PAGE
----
by TheRaven64 (#48267699) Attached to: Imagining the Future History of Climate Change
Arguing the facts doesn't appear to work. Read the posts above yours. A number of them are full of assertions with no citations backing them, followed by responses citing data showing that they're wrong. In a world full of rational people wanting to have an informed debate, that would be the end. Now go back to the last story about climate change on Slashdot. You'll see the same assertions being made, by the same people, and being contradicted then too. At some point, you have to just accept that either these people have some vested interest in denying the evidence and so can't be convinced by more evidence.

Comment: Re:Ideas come cheap. (Score 1) 65

by TheRaven64 (#48267655) Attached to: Check Out the Source Code For the Xerox Alto
Moore's law applies. The reason the Mac was so much cheaper than the Alto was that it was a decade later. The Alto was also heavily designed for experimentation. Programs were compiled to a bytecode with the bytecode interpreter implemented in CPU microcode. This made it very easy to change the instruction set and find one that was well suited to the requirements of the software, but for a commercial product you'd have wanted to sink a lot of that logic into the hardware.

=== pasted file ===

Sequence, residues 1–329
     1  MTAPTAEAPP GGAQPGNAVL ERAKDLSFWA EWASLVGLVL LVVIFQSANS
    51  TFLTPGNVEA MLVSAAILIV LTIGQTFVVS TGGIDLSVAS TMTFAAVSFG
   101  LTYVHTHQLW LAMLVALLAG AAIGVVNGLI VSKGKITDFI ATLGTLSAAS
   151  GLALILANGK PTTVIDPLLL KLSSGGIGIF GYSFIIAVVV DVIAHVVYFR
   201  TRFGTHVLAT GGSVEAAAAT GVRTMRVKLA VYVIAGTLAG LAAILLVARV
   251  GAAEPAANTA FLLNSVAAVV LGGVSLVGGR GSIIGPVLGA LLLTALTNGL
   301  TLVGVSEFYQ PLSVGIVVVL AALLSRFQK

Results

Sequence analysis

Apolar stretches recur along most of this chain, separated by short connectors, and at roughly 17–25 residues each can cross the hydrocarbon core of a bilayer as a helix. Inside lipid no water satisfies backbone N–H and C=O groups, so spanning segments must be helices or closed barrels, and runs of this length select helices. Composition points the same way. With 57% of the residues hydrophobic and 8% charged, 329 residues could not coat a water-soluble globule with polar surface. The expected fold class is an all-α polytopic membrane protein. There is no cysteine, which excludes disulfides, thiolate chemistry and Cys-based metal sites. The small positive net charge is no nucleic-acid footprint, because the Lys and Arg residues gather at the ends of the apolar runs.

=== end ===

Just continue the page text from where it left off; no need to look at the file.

Comment: Re:pay money for youtube? (Score 1) 221

by rtb61 (#48266225) Attached to: YouTube Considering an Ad-Free, Subscription-Based Version

Also make sure the content justifies the ad. If the content proves to be shite and stopped after going through the ad, then that is theft of time and pleasure. No ads prior to content, only after content and align the ads to the content, it is far less jarring. As for searches, the video spammers just flood their content with all kinds of popular tags, so allow users to block specific uploaders and drop them from all search returns.

Comment: Re:Why not? (Re:No. Just no.) (Score 1) 201

by rtb61 (#48266191) Attached to: Is the Outrage Over the FBI's Seattle Times Tactics a Knee-Jerk Reaction?